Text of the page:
How To Plan A Group Presentation That Doesn't Suck
Several years ago I was teaching an art history class that had a group presentation component: each group had to present on a 20th century art movement. Back then I was relatively new to teaching and didn’t realize that group work – and the corresponding presentation – was one of the most dreaded types of assignments a student could encounter. As I described the assignment I could see the look of horror and dread cross even the most optimistic students’ faces. Despite years of indoctrination about how marvelous teamwork is (there’s no “I” in team, guys), group work inevitably brings out the worst in us. And often we don’t know it until we’re standing in front of an audience, giving a truly terrible presentation.
But it doesn’t have to be that way. I’ve watched college students prepare and deliver a stellar presentation for an advertising competition, and I’ve watched C-suite executives have a public meltdown over a difference in opinion – in the midst of their presentation. The difference isn’t in what they plan to present, it’s in how they prepare for the presentation.
Therefore, here are a few key tips for how to plan a group presentation that doesn’t suck:
First, choose a leader who will keep track of all of the components of the presentation
Here’s what typically happens in a dysfunctional group project: the team meets once, no leader is chosen because no one wants to come across as “bossy” or “controlling,” that person inevitably fills the role anyway because other people aren’t stepping up, chaos and resentment ensue, and by the end the group delivers a terrible presentation and no one is happy. Sound familiar?
Try this instead: at the very first planning meeting, choose a leader who will keep track of the moving parts, hold everyone accountable for meeting deadlines, and keep the team working towards the goals everyone agreed upon. If you have a strong sense of responsibility and are good at keeping things organized, then step up and offer your services. And if you know that you don’t necessarily have the bandwidth or desire to fill the role, then make sure you’re supportive of the person who does by doing what you say you will and by the deadline.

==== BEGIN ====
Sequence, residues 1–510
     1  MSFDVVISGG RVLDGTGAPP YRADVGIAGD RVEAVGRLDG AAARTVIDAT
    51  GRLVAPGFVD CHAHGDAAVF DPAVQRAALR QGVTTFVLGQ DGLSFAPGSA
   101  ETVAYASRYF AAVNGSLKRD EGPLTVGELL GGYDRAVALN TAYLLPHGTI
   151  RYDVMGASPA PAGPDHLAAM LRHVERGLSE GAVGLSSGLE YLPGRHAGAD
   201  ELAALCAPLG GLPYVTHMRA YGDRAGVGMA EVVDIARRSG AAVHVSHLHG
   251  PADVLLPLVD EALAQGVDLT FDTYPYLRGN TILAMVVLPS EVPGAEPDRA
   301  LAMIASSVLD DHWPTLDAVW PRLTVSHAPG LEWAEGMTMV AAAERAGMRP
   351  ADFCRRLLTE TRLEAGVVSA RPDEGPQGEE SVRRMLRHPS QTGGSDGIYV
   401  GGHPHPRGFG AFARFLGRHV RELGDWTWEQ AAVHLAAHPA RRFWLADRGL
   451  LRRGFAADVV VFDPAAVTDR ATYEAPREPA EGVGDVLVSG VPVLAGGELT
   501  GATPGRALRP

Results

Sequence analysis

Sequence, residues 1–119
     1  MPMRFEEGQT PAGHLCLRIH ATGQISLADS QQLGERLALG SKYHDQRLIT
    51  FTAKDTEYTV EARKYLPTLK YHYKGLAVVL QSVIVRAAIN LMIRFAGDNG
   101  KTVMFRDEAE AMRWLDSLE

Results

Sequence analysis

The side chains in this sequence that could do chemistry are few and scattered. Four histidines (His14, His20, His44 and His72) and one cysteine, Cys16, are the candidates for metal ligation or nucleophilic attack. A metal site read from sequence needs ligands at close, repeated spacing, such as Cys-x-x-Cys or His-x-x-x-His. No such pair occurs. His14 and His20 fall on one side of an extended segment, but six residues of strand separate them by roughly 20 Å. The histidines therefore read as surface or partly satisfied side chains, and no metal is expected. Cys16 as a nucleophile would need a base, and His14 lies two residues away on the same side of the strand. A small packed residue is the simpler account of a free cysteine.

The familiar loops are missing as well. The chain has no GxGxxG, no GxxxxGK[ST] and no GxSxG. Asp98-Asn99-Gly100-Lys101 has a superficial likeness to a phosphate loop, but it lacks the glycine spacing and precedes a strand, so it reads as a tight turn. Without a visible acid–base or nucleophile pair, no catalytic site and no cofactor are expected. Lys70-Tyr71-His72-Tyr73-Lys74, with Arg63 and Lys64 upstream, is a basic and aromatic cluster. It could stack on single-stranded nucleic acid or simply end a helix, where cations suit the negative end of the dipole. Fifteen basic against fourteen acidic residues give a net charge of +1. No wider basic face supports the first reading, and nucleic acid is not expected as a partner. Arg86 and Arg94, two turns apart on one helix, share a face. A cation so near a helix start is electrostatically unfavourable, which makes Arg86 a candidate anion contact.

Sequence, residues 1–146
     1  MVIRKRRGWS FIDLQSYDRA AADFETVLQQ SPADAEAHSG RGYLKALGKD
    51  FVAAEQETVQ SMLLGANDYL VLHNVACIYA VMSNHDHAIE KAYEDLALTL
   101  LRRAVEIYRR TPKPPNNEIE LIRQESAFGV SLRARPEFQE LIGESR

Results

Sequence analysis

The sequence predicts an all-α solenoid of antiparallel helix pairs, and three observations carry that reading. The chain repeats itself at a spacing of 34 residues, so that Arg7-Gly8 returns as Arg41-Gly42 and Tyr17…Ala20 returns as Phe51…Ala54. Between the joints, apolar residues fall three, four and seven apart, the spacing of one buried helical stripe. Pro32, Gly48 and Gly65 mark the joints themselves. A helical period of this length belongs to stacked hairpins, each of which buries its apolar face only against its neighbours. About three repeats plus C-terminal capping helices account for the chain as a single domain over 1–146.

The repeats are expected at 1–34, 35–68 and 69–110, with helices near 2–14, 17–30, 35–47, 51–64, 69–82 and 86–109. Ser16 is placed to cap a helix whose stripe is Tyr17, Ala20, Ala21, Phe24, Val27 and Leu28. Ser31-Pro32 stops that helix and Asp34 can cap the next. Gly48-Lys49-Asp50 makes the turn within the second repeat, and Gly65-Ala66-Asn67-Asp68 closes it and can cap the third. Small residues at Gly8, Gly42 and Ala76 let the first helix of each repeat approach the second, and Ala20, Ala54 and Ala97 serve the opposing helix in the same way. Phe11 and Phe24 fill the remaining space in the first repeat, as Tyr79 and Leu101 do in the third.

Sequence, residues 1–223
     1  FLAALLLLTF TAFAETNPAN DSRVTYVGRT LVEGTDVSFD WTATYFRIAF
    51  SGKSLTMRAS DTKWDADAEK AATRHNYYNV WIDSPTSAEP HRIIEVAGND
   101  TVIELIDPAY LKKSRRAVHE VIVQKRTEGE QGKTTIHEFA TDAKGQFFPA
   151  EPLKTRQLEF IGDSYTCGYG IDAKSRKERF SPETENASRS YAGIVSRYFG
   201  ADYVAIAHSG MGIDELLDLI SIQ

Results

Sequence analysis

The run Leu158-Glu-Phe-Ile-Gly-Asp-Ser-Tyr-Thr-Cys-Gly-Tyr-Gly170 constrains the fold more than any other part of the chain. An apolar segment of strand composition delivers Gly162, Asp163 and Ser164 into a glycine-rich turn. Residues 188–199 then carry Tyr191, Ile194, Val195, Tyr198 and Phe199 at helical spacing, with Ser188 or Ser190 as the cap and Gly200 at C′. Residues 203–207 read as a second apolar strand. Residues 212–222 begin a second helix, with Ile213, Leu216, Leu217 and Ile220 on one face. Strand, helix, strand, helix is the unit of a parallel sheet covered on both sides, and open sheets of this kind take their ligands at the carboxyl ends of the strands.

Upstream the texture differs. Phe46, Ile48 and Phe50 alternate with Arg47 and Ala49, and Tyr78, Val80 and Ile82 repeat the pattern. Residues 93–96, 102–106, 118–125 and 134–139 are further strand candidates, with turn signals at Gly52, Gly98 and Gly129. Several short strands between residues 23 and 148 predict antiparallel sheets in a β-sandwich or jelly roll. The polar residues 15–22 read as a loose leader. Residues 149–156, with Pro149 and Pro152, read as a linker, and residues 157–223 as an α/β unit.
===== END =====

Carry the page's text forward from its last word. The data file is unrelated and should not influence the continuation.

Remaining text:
Next, identify the clear objective everyone is working towards
What is the primary goal of this group presentation? As in, what is the key takeaway you want the audience to have when you’re done? I recently completed a group presentation with colleagues from my advanced Toastmasters club; we were asked to lead a training at the spring conference. Before we began planning what we were going to say and who was going to say it, we identified our goals: Primary – teach the audience the components of a great story. Secondary – demonstrate for them how coaching can support them becoming great storytellers. Tertiary – explain the benefits of joining our advanced club. Because we knew exactly what we were wanting to achieve, every decision we made as a group had to support these goals, in that order. Based on the evaluations from the audience, we were successful.
A key component of planning a group presentation that doesn’t suck is making sure everyone is working towards a clear, audience-centric goal.
Then, find out what everyone’s strengths are, and use them accordingly
The most common mistake groups make when planning their presentation is trying to give everyone an equal amount of speaking time, and then just dividing up the presentation by minutes. Inevitably someone will deliver a lovely 5-minute segment, immediately followed by someone who stumbles their way through their part. Instead, during the first planning meeting find out where each member excels and assign roles accordingly.
For instance, if someone has a natural sense of humor consider giving them an emcee or host-type role where their easy wit supports the flow of the presentation. If someone is really good at explaining things simply, give them one of the complex pieces of info to break down for the audience. And if there is a member who is terrified of public speaking, but has great design skills, have them handle making the visuals. I’m all about getting out of your comfort zone, but group presentations are typically not the place to push someone into the deep end before they’re ready.
It’s not glamorous, everyone thinks they don’t have time, and it can be tedious. But at the very least have a conference call where everyone goes through their role and the kinks are worked out. This is a great opportunity to make sure everyone is working on their part, there are no unpleasant surprises, and ensure you are indeed achieving the goal you agreed upon at the beginning of planning the presentation.
As a new teacher, when I assigned my first group project I had no idea what kind of chaos would ensue. I was bombarded by endless emails over who wasn’t doing what, after class I was cornered by angry/crying students because of group work drama, and the presentations were awful (I once had a student answer his cell phone in the middle of his group’s presentation – it was bad). Once I learned you have to teach effective group work before you can assign a group presentation, everything changed. Using the planning strategies above the group work went from painful to productive, and the presentations actually achieved their goal: teach the audience something new and valuable.